By Rhea Singh
This is a feature piece from our Fun Issue, The Darkest Timeline. Life has become such a clusterfuck that it’s hard to tell the difference between reality and satire. This is a factual, reported piece that we put up alongside similar satire articles. Have fun reading!
Things looked promising when fourth-year social work student Chris Merhar first tried accessing Ryerson’s counselling service. He had four sessions in the span of three months. Until, that is, a waitlist put him on a three-month wait period. Merhar was then told he’d benefit from more sessions, but wound up waiting another seven months to get regular sessions going.
Whether it’s admission to a school or getting into a class, being waitlisted is known for being a stressful waiting game. When it comes to mental health services, however, the consequences of the waiting game can be even more severe.
Ryerson’s Centre for Student Development and Counselling (CSDC) offers services to both full-time and part-time undergraduate and graduate students. These include one-on-one counselling, group counselling, same-day crisis appointments, online modules for preemptive and post-counselling care as well as referral services. There are also extensions such as ThriveRU, therapy dogs and the Office of Sexual Violence Support and Education.
According to the CSDC, in the 2018-19 academic year, the centre supported 2,253 students with on-site mental health counselling services. Students typically encounter wait times after their initial counselling session, according to Maura O’Keefe, clinical coordinator at the CSDC.
Merhar called the CSDC four to five months after he had last visited the centre, but was told he was removed from the waitlist for reasons not clarified.
“They didn’t communicate this with me at all, so I couldn’t even go seek a counsellor outside of Ryerson.” After the mixup, Merhar had to wait twice as long to access counselling services.
While Merhar had a good support system, other students who don’t could struggle more with Ryerson’s extensive wait times.
O’Keefe said Ryerson’s system for first-time appointments has improved over the last two years, with a 63 per cent reduction in wait times. The waitlist, according to O’Keefe, is managed in many ways, depending on factors such as time of year and a student’s individual needs. Stressors such as financial pressure, living situation changes and career anxieties make up some of the factors.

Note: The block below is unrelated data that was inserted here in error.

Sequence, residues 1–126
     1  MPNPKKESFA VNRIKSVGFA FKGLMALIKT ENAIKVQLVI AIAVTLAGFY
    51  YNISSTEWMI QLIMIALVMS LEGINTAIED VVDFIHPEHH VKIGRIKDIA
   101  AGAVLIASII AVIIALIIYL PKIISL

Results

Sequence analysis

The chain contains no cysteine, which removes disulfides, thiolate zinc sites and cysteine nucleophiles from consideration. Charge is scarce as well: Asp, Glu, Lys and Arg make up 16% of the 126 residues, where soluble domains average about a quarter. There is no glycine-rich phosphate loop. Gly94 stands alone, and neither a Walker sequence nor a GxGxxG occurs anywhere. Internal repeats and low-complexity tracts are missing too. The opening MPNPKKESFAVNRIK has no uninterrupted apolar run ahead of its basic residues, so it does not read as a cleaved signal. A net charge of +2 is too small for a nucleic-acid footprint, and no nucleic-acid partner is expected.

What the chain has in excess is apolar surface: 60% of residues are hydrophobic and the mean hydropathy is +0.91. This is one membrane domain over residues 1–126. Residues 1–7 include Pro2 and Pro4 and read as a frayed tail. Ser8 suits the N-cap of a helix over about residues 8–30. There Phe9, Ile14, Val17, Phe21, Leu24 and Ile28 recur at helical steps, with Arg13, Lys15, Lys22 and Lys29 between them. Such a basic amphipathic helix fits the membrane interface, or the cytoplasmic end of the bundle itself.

The need for awareness of mental health has been emphasized in the wake of multiple recent suicides at the University of Toronto (UofT) at the St. George campus. In response to the lack of mental health services on campus, 24 students formed UofThrive. Second-year student Ashwini Selvakumaran spoke to the CBC about wait times being an issue at UofT Health and Wellness Centre as well.
“Ryerson positions themselves as this progressive school that welcomes you and wants you to succeed, then you get waitlisted for six months”
When third-year Ryerson new media student Natalie Korac finally got the courage to reach out for mental health support, she felt discouraged by the support she received from the school. Korac was told she’d have to wait three months to access long-term counselling, which would bleed into the summer.
But Korac wouldn’t be in the city for that long. A major part in what students need counselling for, she says, is school-related issues—rendering summer counselling useless.
Both Korac and Merhar believe hiring more counsellors, expanding the service with community organizations and student advocacy are effective ways of improving Ryerson’s system.
“Ryerson positions themselves as this progressive school that welcomes you and wants you to succeed, then you get waitlisted for six months,” Merhar said. “There is no other option if you can’t afford therapy outside [of school].” On top of that, counselling isn’t something people prioritize when they have to afford rent, tuition fees, among other bills, said Korac.
Merhar says the worst part about these situations is that there has to be some sort of wake-up call; nobody reacts until something terrible happens. “I feel the main thing current students can do if we want to ensure that the future generation of Ryerson students have better access to these services [is] advocate for them,” he said.
“They’re not going to do anything if we aren’t talking about it.”